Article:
Vietnam recorded a quite successful 2019, with stable economic growth and positive indicators in terms of GDP growth, inflation control, FDI attraction, and favorable trade turnover. With such growth momentum, what do you forecast for Vietnam’s economic scenario in 2020?

We remain positive about Vietnam’s economic outlook. It will continue to be one of ASEAN’s fastest-growing economies backed by its young consumer market, booming manufacturing industry, increasing FDI, and rising cross-border trade.

FDI incentive policies from the government are complemented by more than a dozen free trade agreements, including the Comprehensive and Progressive Agreement for Trans-Pacific Partnership (CPTPP) which will reduce tariffs across much of Asia. For Vietnam, these policies and agreements will help reinforce the country’s position as an attractive investment destination.

With strong momentum likely to continue in the next one or two quarters, we are revising our full year 2019 growth forecast to 7 per cent (from our previous projection of 6.8 per cent), followed by a slight tapering to 6.8 per cent in 2020. This implies economic activity in the fourth quarter of 2019 rose 7.1 per cent year-on-year.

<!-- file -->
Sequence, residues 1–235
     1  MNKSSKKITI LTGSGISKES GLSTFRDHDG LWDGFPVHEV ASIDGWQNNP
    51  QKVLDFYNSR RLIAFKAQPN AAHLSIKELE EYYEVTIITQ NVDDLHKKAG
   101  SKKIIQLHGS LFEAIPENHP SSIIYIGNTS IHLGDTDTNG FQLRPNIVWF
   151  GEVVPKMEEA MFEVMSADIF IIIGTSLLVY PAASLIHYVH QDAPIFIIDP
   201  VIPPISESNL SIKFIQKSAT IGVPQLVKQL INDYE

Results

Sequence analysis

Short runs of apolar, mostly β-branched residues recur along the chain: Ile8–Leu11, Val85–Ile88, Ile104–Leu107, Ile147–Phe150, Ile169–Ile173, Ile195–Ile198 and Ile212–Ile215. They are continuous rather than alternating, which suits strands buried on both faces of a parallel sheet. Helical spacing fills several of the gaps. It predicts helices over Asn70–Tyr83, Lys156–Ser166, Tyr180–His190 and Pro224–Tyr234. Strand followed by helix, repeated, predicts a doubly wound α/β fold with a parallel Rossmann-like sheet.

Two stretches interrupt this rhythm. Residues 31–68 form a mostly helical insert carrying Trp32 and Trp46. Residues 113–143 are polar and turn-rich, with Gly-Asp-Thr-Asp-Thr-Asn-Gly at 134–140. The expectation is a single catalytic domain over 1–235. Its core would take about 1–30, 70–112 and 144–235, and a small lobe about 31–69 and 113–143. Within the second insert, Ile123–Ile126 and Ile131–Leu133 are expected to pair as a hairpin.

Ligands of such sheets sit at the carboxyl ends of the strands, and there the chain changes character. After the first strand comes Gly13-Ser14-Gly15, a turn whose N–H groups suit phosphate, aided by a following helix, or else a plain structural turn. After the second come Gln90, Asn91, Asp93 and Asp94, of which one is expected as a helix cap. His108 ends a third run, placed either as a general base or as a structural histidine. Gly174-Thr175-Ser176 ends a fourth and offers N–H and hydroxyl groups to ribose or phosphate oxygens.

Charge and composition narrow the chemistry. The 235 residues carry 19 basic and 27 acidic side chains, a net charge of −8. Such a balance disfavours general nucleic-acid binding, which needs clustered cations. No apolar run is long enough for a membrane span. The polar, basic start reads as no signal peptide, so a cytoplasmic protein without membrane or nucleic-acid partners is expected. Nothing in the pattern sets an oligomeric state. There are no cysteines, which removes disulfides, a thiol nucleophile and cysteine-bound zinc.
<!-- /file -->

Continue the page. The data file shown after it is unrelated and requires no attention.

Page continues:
In the context of a gloomy picture in the global economy, what challenges and difficulties will Vietnam have to address in order to maintain its robust economic development in the year to come?

To retain its economic competitiveness and attractiveness as a base for global supply chains, Vietnam will have to address a few challenges. Investments in infrastructure, for example in ports and roads, will help businesses operate more efficiently and reduce the costs associated with transport delays.

With the growth and expansion of industry and more factories being set up, there is the threat of increased pollution. As such, the encouragement of environmentally-conscious companies and business models would help secure more sustainable growth in the economy.

There is also concern over rising land prices, including industrial and residential property, which may increase costs for businesses. Given Vietnam’s booming economy, a skilled workforce is needed to help it reach its potential and maintain growth. The need for talent, particularly in the technology field, will rise, as more firms, financial institutions, and financial technology (fintech) companies invest in and expand their operations in the country.